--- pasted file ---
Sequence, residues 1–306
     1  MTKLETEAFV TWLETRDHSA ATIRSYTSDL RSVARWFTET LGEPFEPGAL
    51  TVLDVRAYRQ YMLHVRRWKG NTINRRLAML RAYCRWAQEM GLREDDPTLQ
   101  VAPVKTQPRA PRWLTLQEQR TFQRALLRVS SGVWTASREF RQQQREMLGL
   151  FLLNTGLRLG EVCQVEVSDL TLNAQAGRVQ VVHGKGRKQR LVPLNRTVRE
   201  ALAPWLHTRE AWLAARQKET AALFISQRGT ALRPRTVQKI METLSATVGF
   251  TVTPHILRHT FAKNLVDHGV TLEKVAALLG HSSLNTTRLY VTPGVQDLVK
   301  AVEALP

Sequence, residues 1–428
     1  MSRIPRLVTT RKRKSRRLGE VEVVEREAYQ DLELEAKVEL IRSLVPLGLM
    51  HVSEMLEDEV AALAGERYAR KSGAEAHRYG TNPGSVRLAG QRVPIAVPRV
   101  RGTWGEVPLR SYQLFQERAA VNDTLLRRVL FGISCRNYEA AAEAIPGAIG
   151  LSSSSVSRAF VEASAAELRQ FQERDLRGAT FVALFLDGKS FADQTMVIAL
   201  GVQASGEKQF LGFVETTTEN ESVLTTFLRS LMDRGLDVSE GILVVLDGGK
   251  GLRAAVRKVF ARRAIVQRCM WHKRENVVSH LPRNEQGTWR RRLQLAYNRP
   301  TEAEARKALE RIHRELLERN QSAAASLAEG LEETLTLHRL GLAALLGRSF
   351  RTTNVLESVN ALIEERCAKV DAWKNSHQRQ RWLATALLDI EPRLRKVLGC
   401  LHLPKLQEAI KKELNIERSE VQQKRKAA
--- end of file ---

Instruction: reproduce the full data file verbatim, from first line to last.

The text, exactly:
Sequence, residues 1–306
     1  MTKLETEAFV TWLETRDHSA ATIRSYTSDL RSVARWFTET LGEPFEPGAL
    51  TVLDVRAYRQ YMLHVRRWKG NTINRRLAML RAYCRWAQEM GLREDDPTLQ
   101  VAPVKTQPRA PRWLTLQEQR TFQRALLRVS SGVWTASREF RQQQREMLGL
   151  FLLNTGLRLG EVCQVEVSDL TLNAQAGRVQ VVHGKGRKQR LVPLNRTVRE
   201  ALAPWLHTRE AWLAARQKET AALFISQRGT ALRPRTVQKI METLSATVGF
   251  TVTPHILRHT FAKNLVDHGV TLEKVAALLG HSSLNTTRLY VTPGVQDLVK
   301  AVEALP

Sequence, residues 1–428
     1  MSRIPRLVTT RKRKSRRLGE VEVVEREAYQ DLELEAKVEL IRSLVPLGLM
    51  HVSEMLEDEV AALAGERYAR KSGAEAHRYG TNPGSVRLAG QRVPIAVPRV
   101  RGTWGEVPLR SYQLFQERAA VNDTLLRRVL FGISCRNYEA AAEAIPGAIG
   151  LSSSSVSRAF VEASAAELRQ FQERDLRGAT FVALFLDGKS FADQTMVIAL
   201  GVQASGEKQF LGFVETTTEN ESVLTTFLRS LMDRGLDVSE GILVVLDGGK
   251  GLRAAVRKVF ARRAIVQRCM WHKRENVVSH LPRNEQGTWR RRLQLAYNRP
   301  TEAEARKALE RIHRELLERN QSAAASLAEG LEETLTLHRL GLAALLGRSF
   351  RTTNVLESVN ALIEERCAKV DAWKNSHQRQ RWLATALLDI EPRLRKVLGC
   401  LHLPKLQEAI KKELNIERSE VQQKRKAA